The excise tax would be paid by employers that self-insure ( most large firms do) and insurance companies, but small-business experts expect these costs to be passed along to smaller firms via premium increases.
- Unhappy employees don't have to stay in a job they hate for fear of losing health insurance for themselves or their children.
The new mandates say insurers can't deny coverage due to pre-existing conditions (effective this year for kids and in 2014 for adults). Adults can also buy through SHOP exchanges. Also, insurers can vary premiums based only on a person's age, geographic region and use of tobacco, not on health status.
- Within six months of the bill becoming law, the workers can keep kids on their insurance policies until they're 26.
- Also within six months, lifetime caps on employer-sponsored insurance - often $1 million - would be removed.
Yet, "A small employer that goes from a low lifetime maximum to an unlimited maximum could see a substantial increase in premium costs, as much as 10 percent to 20 percent, depending on their history and the rest of the program design," says Osterndorf.
Even though many parts of the overhaul still have to be sorted out, there are plenty of small-business owners who are already against the plan. Among those is Keith Ashmus, partner at Frantz Ward, a law firm in Cleveland. While his company has long-supported health care reform, he says it's against this one because of what he calls "insufficient attention to cost controls."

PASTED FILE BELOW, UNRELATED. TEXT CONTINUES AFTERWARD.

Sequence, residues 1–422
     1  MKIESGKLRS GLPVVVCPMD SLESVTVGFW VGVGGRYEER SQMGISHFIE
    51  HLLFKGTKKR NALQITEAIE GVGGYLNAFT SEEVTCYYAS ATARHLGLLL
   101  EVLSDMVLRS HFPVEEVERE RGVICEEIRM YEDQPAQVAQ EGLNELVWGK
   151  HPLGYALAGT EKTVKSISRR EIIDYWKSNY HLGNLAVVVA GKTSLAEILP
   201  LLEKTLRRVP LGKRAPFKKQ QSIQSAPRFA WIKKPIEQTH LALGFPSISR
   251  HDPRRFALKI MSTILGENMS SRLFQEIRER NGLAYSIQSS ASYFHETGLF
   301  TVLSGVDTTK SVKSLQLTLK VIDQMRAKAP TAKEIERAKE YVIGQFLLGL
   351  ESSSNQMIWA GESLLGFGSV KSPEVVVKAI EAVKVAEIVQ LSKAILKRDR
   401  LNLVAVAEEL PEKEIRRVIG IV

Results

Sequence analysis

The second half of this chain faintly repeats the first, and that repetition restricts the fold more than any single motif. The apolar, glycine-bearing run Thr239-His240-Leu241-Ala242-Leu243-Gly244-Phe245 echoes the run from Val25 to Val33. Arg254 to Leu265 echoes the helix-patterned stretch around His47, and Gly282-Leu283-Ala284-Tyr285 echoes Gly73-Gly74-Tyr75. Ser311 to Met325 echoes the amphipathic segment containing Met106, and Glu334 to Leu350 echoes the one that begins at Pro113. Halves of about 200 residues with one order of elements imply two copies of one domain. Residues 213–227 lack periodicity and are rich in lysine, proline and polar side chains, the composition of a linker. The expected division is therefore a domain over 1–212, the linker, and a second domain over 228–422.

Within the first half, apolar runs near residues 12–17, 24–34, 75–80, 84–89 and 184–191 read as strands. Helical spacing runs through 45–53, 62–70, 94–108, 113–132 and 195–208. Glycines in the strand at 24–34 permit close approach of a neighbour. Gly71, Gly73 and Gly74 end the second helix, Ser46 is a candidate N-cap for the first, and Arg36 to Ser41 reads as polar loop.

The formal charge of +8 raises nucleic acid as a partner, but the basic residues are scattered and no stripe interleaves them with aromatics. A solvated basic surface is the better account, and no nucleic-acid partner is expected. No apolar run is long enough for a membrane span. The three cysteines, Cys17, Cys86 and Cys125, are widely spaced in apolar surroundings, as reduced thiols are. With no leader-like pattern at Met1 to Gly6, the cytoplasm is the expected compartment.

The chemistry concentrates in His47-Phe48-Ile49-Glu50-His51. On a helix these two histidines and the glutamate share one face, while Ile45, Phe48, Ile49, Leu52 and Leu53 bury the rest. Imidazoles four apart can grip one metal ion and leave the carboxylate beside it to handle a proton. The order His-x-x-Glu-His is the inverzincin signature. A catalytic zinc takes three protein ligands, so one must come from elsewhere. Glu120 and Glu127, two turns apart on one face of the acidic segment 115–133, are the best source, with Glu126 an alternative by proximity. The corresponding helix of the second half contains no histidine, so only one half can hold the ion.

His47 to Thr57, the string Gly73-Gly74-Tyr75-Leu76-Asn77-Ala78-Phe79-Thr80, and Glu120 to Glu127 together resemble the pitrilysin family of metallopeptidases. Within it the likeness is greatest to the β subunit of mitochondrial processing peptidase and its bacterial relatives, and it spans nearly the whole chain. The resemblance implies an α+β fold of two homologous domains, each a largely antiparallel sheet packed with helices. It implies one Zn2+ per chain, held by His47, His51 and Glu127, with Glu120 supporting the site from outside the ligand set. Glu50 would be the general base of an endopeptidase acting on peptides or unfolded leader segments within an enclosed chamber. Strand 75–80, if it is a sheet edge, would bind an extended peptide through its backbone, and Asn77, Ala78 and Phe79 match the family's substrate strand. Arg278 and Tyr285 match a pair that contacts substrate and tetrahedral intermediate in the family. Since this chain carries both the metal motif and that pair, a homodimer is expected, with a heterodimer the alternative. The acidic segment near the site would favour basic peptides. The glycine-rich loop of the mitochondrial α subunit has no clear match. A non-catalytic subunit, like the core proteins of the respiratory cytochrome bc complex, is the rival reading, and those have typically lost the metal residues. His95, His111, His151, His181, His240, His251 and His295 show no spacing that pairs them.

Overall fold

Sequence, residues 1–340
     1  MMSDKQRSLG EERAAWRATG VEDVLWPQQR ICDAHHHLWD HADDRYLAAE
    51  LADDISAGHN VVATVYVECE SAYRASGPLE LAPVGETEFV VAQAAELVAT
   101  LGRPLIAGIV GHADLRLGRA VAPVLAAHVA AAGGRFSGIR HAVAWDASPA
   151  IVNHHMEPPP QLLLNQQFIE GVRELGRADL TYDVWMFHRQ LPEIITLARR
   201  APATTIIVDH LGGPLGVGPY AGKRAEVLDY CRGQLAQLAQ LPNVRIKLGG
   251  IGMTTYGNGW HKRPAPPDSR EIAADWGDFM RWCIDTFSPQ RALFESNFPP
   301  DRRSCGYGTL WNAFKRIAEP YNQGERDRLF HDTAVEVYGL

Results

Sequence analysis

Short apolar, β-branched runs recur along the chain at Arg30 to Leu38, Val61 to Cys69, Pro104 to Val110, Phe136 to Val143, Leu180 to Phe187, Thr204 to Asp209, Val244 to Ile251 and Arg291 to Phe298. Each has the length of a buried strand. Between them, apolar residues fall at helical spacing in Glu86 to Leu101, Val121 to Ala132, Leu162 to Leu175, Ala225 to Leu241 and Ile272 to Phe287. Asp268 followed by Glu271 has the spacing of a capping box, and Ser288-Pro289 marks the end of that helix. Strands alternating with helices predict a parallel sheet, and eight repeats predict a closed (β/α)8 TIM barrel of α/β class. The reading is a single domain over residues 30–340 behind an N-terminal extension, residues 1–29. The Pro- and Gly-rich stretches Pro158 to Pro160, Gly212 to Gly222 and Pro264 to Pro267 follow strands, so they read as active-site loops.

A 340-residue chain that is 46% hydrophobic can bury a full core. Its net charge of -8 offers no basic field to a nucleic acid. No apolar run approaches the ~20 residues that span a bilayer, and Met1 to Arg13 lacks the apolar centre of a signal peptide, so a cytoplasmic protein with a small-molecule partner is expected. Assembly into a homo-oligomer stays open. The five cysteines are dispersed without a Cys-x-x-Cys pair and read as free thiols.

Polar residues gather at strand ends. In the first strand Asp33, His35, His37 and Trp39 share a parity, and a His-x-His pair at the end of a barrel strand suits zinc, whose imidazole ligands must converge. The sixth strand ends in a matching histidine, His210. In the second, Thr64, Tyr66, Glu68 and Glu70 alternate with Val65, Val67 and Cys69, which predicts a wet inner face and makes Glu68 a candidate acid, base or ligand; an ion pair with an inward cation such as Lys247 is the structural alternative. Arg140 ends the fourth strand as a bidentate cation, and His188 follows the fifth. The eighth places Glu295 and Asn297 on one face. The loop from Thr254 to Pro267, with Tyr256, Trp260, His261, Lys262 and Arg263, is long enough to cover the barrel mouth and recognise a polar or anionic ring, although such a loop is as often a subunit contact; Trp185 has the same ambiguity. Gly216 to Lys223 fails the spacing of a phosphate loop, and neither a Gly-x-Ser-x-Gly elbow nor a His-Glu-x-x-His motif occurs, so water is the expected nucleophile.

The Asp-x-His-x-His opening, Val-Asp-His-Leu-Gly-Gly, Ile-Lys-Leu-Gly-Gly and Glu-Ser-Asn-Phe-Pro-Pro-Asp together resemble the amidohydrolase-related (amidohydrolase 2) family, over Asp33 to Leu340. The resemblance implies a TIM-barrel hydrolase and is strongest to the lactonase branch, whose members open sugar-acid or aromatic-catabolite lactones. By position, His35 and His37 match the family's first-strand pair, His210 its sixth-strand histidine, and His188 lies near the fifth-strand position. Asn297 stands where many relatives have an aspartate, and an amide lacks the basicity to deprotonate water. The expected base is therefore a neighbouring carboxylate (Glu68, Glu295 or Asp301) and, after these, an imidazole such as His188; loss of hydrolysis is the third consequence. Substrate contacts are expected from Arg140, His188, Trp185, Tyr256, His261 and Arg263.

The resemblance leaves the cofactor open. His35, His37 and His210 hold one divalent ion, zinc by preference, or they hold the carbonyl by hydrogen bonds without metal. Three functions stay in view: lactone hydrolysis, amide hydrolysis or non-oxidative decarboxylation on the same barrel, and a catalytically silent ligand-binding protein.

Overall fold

He says it will increase premiums for 80 of his 110 employees who participate in the company's health care plan. And he particularly doesn't like the "Cadillac" tax on generous health care plans. "It will be a nightmare to calculate," he says.
There are widely different views on how health care reform will affect entrepreneurship.
Steven Berglas says it'll basically kill it. "Entrepreneurs live in a reactive mode," says Berglas, an executive coach in Los Angeles who has written and taught entrepreneurship.
Creating more bureaucratic regulations for entrepreneurial small-business owners, he says, "is like placing a speed-limit sign in front of a Porsche owner."
But Robert Pasick, a clinical psychologist and executive coach from Ann Arbor, Mich., disagrees.
Pasick, 63, and his wife, Patricia, are both self-employed. Between them, they pay more than $1,700 a month for health insurance. A few years ago, he says, that cost was closer to $500 a month.
He doesn't know how much longer they can afford to be self-employed. "Our biggest expense is our health care," he says. "It's bigger than our mortgage."